Tincturing is when you take flowers, fruits, herbs, leaves or any other plant materials (fresh, not dried) and soak them in undenatured alcohol for a long period of time so that you can extract and capture their scent. The alcohol solution is usually stored in a clean, sterilized wide-mouth jar in a cool, dark place and at regular intervals – for example, once every two days – you replace the plant material with fresh ones. After a while the alcohol solution should be left nicely scented with the chosen plant material.
So far I have tinctured bay leaf, lemongrass, lime leaves, raw cocoa, broad-leaf thyme, tea leaves and soursop with varying degrees of success. It can sometimes take weeks or longer before the alcohol becomes scented and some plant materials are more willing to release their scent than others. I haven’t used any tinctured alcohols in my perfumes yet.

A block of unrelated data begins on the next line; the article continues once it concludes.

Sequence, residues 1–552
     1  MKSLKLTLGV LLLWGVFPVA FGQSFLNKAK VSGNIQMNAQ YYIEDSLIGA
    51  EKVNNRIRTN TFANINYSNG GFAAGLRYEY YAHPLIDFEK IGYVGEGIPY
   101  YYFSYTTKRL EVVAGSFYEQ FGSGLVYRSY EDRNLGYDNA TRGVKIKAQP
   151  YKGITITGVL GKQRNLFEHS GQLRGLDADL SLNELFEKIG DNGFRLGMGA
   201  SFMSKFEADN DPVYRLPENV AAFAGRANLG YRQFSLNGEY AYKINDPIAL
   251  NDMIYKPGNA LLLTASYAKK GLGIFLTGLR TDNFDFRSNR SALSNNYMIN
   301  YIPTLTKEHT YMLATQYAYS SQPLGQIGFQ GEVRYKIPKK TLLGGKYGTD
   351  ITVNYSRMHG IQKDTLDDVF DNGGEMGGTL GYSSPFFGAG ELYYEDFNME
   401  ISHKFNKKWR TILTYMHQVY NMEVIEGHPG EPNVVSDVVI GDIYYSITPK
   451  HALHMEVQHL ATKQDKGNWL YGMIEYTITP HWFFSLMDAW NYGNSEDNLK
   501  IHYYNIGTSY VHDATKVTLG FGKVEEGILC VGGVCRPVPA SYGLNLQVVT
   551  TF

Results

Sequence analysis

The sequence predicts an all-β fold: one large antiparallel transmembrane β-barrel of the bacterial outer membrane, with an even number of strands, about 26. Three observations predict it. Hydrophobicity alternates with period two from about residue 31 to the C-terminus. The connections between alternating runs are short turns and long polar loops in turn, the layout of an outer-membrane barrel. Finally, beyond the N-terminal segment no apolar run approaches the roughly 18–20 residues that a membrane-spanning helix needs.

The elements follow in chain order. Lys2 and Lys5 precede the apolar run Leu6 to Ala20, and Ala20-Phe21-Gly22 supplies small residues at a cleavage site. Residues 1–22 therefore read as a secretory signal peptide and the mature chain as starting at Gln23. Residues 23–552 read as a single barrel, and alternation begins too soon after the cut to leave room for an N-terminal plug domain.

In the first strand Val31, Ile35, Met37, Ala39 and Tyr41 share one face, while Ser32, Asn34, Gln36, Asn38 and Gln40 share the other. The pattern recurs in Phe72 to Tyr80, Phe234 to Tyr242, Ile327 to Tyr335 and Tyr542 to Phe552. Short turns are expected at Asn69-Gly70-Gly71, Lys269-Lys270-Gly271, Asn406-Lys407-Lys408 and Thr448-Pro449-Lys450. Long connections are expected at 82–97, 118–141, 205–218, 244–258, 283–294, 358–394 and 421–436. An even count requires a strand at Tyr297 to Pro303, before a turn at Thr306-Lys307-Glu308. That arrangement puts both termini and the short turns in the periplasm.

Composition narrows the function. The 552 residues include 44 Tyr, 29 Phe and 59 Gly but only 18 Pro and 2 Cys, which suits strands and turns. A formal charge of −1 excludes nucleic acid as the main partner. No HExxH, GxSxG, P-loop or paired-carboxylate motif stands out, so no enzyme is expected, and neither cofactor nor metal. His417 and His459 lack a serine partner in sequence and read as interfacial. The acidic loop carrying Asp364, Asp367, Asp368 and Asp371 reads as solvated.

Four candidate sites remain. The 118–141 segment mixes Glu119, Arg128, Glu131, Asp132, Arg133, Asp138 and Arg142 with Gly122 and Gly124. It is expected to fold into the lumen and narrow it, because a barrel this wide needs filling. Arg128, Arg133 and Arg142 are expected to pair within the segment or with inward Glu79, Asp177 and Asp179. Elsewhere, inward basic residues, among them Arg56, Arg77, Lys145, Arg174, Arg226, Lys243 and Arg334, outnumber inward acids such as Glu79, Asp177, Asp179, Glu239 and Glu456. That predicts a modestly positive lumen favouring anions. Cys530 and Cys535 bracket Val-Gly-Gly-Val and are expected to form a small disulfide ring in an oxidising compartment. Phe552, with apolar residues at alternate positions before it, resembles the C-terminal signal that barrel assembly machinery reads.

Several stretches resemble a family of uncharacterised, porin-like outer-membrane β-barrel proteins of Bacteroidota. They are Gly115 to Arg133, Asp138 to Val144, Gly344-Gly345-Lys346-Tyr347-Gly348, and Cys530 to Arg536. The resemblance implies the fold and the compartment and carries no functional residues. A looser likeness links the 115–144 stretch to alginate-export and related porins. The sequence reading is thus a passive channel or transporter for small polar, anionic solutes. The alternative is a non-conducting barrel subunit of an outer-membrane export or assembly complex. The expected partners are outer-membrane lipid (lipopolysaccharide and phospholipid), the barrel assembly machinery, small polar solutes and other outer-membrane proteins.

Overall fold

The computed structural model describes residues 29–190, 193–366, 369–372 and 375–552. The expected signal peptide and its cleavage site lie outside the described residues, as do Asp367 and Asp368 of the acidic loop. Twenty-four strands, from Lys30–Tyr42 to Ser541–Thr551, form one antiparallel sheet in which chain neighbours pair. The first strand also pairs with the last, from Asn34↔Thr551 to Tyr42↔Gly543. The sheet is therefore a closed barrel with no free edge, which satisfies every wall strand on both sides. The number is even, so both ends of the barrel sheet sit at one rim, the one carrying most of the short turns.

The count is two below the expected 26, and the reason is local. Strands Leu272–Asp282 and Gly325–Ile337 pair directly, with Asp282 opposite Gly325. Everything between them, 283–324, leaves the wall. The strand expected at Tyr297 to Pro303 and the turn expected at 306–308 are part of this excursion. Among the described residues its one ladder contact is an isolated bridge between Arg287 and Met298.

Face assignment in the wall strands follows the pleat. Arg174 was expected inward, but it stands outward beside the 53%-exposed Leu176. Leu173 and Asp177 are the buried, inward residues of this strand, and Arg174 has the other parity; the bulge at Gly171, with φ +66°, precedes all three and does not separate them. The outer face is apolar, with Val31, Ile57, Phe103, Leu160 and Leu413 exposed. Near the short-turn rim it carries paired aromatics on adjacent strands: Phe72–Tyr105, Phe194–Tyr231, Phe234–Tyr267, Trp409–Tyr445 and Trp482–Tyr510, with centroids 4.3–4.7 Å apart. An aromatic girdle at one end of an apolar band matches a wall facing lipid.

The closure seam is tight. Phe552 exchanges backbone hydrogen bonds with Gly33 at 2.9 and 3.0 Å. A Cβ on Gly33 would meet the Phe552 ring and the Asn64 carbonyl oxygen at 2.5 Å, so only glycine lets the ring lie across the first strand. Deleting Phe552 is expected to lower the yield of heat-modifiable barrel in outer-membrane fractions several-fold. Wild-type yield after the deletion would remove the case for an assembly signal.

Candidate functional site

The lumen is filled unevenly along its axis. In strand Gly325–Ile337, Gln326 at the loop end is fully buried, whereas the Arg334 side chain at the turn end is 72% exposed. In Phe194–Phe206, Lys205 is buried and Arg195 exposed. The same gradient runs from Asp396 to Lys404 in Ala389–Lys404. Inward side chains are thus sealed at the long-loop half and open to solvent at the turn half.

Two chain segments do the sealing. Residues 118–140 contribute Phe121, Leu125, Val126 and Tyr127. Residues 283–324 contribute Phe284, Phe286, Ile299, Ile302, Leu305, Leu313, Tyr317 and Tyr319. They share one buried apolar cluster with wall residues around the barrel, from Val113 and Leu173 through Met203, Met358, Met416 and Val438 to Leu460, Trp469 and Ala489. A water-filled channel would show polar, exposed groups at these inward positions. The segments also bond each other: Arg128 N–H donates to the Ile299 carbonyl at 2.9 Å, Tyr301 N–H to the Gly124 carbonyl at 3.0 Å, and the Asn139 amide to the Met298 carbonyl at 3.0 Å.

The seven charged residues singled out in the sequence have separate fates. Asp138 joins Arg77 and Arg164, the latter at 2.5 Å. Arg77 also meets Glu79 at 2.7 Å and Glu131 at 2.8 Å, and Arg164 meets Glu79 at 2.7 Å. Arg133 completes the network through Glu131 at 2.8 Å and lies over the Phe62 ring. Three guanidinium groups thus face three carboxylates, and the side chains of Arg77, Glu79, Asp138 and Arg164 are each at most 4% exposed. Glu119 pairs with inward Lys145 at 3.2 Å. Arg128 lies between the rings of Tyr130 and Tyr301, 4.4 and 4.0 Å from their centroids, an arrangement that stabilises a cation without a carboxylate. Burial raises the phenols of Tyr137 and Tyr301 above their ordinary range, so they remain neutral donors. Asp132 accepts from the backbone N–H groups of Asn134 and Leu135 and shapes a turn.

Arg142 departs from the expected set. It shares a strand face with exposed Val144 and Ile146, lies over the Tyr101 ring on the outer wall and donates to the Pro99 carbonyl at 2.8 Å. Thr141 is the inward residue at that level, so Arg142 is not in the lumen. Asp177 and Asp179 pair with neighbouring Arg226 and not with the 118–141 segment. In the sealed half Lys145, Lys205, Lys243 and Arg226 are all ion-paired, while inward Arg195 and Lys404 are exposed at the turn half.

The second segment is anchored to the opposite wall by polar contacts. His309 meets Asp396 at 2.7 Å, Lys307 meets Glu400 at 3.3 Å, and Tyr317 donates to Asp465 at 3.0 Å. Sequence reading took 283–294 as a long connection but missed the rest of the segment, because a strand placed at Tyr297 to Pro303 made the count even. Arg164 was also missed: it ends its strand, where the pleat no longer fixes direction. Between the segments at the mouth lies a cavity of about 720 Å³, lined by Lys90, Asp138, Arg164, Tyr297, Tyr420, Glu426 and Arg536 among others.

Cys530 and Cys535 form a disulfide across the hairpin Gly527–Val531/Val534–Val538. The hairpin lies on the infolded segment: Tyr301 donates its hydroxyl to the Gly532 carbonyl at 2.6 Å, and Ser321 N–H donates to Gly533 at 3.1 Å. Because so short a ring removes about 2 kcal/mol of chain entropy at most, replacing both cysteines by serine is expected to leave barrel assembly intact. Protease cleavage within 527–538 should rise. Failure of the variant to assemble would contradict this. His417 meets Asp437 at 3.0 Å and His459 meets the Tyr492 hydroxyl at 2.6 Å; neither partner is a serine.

Tincturing is often used by natural and artisan perfumers, and there is almost no limit to what you can tincture. It allows you to feel more appreciative and sensually connected to the natural plant world around us.